Posted 26 Mar 2018 by JC

tl;dr now handles brioche stitch patterns, via the brSl abbreviation and the brSl and brSl symbols.

The full story

Brioche stitch patterns are notoriously difficult to chart. Part of the problem is that each stitch in a typical brioche pattern is essentially worked over two rows. Showing exactly what happens to each stitch over the course of those two rows tends to result in cluttered charts that don’t reflect the “gestalt” of the pattern. You get to see every little twig and branch of every tree, but the forest gets lost.

And so in adding support for brioche stitch patterns to, my primary goal was to find symbols that would result in clear, expressive, easy-to-read stitch maps – that is, to keep the stitch maps as simple as possible, so that the patterns could shine as brightly as possible.

Curiously, after a good deal of trial and error (oh, so much error!), the solution turned out to be a pair of symbols:

  • brSlbrSl
  • brSlbrSl

Both mean precisely the same thing: “brioche slip,” that is, slip a stitch purlwise and yarn over at the same time. This results in two loops that need to be treated as a single stitch on the following row.

Naturally, you may be wondering why two symbols are necessary – in particular, two symbols that look an awful lot like those for knit and purl. Here’s the thing: when you enter brSl as part of your stitch pattern’s knitspeak, will figure out automatically whether it should display brSl or brSl, depending on how the stitch is worked on the following row. If the stitch is knit on the following row, will display brSl. If it’s purled, the site will display brSl. In this way, you’ll get k symbols stacked on top of brSl, and p symbols stacked on top of brSl.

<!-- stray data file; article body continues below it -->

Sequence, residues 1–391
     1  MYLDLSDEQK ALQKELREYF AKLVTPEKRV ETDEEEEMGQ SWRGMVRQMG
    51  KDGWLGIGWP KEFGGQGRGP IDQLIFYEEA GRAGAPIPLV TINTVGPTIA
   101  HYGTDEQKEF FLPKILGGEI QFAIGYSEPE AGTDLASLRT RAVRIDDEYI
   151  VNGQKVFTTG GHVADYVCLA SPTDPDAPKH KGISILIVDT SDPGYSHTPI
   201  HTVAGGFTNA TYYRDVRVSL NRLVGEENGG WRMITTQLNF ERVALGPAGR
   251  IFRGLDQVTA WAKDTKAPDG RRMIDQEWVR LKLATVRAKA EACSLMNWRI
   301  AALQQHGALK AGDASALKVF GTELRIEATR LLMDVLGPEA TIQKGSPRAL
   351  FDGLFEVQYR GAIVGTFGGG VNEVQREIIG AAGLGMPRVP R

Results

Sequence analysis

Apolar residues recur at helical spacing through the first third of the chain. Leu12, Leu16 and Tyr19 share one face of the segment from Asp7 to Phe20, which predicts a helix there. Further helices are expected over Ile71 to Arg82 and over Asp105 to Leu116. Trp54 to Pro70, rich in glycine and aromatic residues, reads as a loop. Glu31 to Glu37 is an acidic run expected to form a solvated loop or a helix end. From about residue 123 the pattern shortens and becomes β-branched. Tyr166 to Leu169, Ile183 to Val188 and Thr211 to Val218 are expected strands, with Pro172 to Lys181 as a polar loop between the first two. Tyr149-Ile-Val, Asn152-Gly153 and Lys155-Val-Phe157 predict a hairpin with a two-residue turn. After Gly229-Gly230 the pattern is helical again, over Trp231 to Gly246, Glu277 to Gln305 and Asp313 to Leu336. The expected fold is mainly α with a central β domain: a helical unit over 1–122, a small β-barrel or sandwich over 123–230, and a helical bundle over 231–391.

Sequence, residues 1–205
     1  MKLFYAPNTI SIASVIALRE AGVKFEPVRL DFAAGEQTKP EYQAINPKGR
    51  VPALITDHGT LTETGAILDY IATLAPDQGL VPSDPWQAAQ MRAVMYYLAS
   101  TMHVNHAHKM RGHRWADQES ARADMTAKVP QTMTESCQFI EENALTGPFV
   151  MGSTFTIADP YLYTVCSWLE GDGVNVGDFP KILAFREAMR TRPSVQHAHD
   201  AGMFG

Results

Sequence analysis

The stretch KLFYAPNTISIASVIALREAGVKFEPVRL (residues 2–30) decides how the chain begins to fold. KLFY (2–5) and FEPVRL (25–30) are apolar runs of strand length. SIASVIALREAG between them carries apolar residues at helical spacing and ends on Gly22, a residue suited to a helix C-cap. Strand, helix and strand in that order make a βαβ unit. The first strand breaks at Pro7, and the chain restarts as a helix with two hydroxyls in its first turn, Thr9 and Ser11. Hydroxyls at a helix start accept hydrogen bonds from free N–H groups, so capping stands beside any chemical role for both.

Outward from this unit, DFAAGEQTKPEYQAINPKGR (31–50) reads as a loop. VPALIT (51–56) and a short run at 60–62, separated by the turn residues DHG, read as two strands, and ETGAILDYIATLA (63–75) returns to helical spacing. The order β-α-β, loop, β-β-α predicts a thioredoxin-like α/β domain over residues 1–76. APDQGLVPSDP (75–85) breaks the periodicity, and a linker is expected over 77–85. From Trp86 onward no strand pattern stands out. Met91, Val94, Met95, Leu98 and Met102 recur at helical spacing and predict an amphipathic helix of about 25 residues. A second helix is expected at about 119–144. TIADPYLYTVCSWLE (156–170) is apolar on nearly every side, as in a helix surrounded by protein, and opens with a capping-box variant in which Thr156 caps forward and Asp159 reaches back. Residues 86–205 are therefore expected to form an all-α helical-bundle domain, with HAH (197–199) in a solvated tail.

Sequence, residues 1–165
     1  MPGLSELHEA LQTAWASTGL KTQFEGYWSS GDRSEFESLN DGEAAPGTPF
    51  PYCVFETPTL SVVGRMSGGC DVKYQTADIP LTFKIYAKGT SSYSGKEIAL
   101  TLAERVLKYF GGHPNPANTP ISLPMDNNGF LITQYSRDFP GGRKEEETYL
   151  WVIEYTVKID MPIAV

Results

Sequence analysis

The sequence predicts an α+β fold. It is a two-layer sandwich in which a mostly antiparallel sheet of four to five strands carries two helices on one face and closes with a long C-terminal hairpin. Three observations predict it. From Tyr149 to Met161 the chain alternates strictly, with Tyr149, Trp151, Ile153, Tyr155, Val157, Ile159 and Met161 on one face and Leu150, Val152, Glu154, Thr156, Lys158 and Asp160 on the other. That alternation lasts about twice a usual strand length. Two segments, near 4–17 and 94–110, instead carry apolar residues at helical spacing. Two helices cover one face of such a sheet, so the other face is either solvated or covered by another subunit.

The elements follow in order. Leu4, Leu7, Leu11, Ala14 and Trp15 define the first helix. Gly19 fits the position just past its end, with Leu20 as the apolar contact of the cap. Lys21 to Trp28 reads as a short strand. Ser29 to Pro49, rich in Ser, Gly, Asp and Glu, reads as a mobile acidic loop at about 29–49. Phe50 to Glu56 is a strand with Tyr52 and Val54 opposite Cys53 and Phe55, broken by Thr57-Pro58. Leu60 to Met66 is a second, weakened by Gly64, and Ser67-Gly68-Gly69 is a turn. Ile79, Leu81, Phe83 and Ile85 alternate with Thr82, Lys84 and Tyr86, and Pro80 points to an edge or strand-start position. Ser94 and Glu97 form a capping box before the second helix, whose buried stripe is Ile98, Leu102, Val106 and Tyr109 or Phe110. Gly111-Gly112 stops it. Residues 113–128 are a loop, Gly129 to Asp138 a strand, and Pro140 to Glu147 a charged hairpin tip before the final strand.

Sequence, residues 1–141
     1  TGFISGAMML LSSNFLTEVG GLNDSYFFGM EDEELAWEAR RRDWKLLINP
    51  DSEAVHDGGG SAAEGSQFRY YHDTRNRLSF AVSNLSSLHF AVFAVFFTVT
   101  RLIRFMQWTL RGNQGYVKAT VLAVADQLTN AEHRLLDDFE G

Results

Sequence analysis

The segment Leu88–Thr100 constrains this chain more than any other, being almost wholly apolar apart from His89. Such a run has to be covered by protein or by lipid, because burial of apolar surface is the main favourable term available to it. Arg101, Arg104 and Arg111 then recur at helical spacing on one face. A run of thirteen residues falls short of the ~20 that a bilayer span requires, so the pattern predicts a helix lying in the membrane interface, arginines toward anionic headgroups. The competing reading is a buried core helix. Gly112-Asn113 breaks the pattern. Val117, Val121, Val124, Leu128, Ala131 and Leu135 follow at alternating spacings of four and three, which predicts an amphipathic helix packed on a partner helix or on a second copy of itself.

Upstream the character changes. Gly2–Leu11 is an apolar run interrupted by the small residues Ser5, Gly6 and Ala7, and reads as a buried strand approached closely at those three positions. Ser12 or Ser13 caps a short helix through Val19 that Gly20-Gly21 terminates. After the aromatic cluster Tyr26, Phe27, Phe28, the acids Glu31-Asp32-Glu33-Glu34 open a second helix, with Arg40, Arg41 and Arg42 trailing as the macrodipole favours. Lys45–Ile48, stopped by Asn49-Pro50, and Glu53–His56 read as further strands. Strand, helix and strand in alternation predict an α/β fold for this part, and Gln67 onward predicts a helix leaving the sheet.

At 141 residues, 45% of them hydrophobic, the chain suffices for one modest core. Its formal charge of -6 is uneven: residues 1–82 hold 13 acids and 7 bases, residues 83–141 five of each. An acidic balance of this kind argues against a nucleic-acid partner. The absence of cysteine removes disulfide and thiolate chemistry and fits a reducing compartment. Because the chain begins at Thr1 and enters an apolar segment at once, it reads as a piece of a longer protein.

And this stacking is the key to clear and expressive stitch maps. It’s what lets the ribbed nature of many brioche patterns to shine. Let’s look at a few examples.

S-Twist is one of the first patterns in Knitting Fresh Brioche by Nancy Marchant. It’s also one of the simplest. At a glance, you can see that on most rows you’re just maintaining plain brioche rib. It’s only on row 3 that you create the actual S-Twist pattern via increases and decreases.


Fanny and Feathery – also from Knitting Fresh Brioche – is somewhat more dramatic. Check out those 1-to-9 increases!

Fanny and Feathery

This pattern is new. It’s a brioche version of Thistles. I haven’t tried knitting it yet, but it looks promising. And I am tempted to create brioche versions of other lace patterns.

Thistles, brioche version

Given my apparent fondness for Knitting Fresh Brioche, you may also be wondering why the abbreviation for brSl and brSl is brSl, and not the more common sl1yo. In a nutshell: it’s a limitation of the knitspeak parser at The way it processes knitspeak, it wouldn’t be able to distinguish between sl1yo and sl1, yo. And so a new abbreviation became necessary. I hope you don’t mind.

I also hope you’ll give these new symbols a try. Map some of your favorite brioche patterns (or make up new ones!). And, as always, if you encounter any weirdness with this new feature at, please let me know!

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